Owing to the plane’s slender fuselage design, the Ar 234 B-2 could carry a maximum of three bombs, all externally — one bomb could be hung underneath the fuselage and one could be carried underneath each engine nacelle. In active combat operations, the typical bomb load consisted of one 500- or 1000-kilogram bomb suspended beneath the fuselage. A Lotfe 7K bombsight was fitted to early-production planes, but eventually, it was decided to forgo level bombing and instead operate the plane as a dive bomber. As a result, the plane was fitted with a periscope that enabled the pilot to see the calculated impact point of his bombs. Besides flying as a bomber and reconnaissance plane, a small number of Ar 234 B-2s were equipped with a gun pod that was fitted with a pair of 20 mm MG 151/20 cannons.
Small numbers of the Ar 234 B began seeing service as B-1 reconnaissance planes in September 1944. In December 1944, an operational detachment from Kampfgeschwader 76 became the first unit to fly jet bombers in combat operations. The Ar 234 B-2 would continue flying operationally until the end of the war in Europe in May 1945. Altogether, some 210 Ar 234 B-series planes were built, with around 100 of these seeing combat usage.
The legendary British-built Hurricane came to fame during the Battle of Britain where it did the heavy lifting for the RAF in that pivotal battle. Unlike popular belief, it was the sturdy and more numerous Hurricane and not the sexier Spitfire that really made the difference. The Hurricane was built in large numbers and the Mk.II series was sent to all corners of the war to fly and fight, including the Eastern Front where the Soviet VVS put them to good use in several sectors. The Hurricane Mk.II saw action over the sands of North Africa, the ports of Malta, the jungles of the Far East and protected convoys in the Atlantic. Hurricanes even saw action over Leningrad, Murmansk and many other battles over the vast Russian steppe. It was a true WWII legend and workhorse.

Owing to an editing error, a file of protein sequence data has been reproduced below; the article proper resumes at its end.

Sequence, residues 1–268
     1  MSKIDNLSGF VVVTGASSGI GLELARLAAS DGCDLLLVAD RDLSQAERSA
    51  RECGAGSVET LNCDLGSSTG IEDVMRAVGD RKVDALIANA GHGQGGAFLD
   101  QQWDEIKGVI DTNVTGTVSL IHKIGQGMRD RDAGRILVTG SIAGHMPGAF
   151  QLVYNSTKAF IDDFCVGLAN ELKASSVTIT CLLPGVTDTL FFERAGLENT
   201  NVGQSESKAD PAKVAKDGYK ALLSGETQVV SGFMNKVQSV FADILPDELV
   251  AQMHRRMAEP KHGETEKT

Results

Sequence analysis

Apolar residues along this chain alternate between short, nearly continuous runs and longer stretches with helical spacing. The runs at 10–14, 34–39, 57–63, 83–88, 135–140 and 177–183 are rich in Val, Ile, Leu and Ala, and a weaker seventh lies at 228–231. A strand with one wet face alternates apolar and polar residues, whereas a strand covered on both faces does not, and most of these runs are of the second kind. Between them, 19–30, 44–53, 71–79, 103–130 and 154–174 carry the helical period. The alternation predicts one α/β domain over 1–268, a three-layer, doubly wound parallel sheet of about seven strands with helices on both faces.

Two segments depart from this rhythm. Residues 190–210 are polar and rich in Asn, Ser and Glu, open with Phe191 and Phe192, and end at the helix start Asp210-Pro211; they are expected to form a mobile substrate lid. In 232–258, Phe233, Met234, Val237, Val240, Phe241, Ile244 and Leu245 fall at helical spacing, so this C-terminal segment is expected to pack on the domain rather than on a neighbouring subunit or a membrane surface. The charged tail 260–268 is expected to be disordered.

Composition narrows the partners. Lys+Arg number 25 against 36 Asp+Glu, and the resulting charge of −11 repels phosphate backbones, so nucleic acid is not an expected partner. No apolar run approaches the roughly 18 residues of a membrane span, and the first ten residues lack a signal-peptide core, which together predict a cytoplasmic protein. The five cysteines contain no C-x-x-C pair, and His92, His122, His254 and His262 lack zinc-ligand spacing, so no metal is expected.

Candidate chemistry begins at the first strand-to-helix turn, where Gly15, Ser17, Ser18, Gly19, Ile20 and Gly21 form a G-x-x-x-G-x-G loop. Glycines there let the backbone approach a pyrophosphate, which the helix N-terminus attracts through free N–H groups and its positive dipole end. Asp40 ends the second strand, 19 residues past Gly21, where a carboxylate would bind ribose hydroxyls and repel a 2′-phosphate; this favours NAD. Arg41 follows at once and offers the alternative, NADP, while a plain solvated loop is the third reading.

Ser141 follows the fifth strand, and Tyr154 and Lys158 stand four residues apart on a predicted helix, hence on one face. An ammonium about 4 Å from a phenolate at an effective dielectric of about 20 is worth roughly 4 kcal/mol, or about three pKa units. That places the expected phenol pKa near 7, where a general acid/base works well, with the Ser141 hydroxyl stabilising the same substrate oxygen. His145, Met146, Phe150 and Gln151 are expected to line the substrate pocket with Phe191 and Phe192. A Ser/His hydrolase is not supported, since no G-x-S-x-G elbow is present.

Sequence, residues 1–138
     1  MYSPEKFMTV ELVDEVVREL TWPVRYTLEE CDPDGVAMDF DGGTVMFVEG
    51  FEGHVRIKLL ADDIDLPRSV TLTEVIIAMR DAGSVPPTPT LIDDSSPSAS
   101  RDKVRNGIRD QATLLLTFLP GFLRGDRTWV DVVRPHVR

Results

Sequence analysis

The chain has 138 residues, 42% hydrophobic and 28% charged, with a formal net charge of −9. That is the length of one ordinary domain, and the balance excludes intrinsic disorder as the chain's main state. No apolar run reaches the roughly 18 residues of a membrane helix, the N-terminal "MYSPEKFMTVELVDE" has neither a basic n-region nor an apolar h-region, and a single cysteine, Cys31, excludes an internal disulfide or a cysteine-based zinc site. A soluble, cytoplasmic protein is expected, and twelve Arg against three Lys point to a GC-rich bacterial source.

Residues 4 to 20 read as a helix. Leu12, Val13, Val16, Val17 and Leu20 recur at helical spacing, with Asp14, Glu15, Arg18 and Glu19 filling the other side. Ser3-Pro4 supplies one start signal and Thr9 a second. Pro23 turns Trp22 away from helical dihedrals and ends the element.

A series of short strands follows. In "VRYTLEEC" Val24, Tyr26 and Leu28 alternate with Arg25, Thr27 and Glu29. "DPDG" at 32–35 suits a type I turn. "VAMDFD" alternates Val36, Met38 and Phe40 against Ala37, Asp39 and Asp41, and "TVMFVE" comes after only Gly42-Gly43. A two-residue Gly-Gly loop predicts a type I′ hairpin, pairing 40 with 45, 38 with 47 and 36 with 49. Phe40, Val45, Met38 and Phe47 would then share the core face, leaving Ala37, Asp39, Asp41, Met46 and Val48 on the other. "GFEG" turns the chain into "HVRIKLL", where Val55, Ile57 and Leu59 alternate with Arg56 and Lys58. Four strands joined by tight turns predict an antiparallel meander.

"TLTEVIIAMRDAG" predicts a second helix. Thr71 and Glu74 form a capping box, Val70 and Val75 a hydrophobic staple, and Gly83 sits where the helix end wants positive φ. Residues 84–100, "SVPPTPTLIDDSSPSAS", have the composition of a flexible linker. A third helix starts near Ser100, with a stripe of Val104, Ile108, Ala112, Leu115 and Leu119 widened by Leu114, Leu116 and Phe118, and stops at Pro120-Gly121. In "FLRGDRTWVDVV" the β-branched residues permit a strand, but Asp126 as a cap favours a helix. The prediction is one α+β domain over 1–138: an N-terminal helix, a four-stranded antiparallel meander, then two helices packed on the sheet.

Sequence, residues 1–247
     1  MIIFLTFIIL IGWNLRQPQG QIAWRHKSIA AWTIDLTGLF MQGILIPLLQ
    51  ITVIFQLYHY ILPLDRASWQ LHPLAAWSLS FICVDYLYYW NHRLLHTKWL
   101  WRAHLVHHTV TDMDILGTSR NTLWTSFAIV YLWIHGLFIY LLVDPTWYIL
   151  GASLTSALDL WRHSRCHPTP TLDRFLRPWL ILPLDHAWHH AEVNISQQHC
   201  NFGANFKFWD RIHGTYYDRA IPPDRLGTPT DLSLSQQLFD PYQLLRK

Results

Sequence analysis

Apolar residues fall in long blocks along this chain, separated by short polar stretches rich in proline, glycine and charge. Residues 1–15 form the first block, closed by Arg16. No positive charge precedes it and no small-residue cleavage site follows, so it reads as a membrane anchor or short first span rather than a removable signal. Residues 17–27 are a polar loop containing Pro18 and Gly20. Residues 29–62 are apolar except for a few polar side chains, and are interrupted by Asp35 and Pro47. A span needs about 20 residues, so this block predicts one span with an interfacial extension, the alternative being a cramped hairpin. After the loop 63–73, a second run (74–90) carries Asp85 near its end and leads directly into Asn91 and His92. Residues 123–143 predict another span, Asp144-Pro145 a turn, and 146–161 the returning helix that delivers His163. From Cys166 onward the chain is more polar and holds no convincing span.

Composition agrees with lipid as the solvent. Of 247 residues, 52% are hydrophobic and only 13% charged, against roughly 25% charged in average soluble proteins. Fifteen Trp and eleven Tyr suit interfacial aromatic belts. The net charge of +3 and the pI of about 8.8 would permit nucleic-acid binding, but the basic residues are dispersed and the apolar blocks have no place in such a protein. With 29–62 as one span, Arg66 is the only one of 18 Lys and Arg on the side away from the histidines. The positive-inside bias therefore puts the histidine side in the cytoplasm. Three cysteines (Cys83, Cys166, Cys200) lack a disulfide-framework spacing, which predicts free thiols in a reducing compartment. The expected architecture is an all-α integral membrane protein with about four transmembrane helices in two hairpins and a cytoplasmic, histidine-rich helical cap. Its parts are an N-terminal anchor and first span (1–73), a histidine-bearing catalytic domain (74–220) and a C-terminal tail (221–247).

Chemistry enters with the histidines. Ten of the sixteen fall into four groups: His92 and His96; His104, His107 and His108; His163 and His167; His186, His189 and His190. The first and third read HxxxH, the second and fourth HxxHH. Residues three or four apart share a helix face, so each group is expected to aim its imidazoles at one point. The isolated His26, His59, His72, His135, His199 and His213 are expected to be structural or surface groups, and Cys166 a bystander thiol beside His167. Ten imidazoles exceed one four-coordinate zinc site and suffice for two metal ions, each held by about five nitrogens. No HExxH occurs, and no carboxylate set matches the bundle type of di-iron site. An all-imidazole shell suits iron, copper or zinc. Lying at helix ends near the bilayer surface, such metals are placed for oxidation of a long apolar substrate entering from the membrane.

The Hurricane Mk.II series which consisted of the a, b, c and d variants was outfitted with a few different armament configurations. This included either the 12 x .303 machine guns in the wings or 4 x 20mm Hispano cannons also fitted in the wings. Many of the Mk.II’s were of the «Hurribomber» variety with wing racks for 250lb or 500lb bombs. One later variant could also carry two 40mm cannons for anti-armor duty.
Yak-9T series 1
One of the first models of the Yak-9 family was Yak-9T ("tank"), that appeared in early 1943. In addition to one 12.7mm UBS MG it was armed with a 37mm engine-mounted cannon model 11P (later NS-37) instead of a 20mm SHVAK. The installation of such a heavy and large weapon required reinforcing the airframe in the nose section and moving the pilot cabin 40 cm (1.31 ft.) rearward, which resulted in worse forward and underside visibility.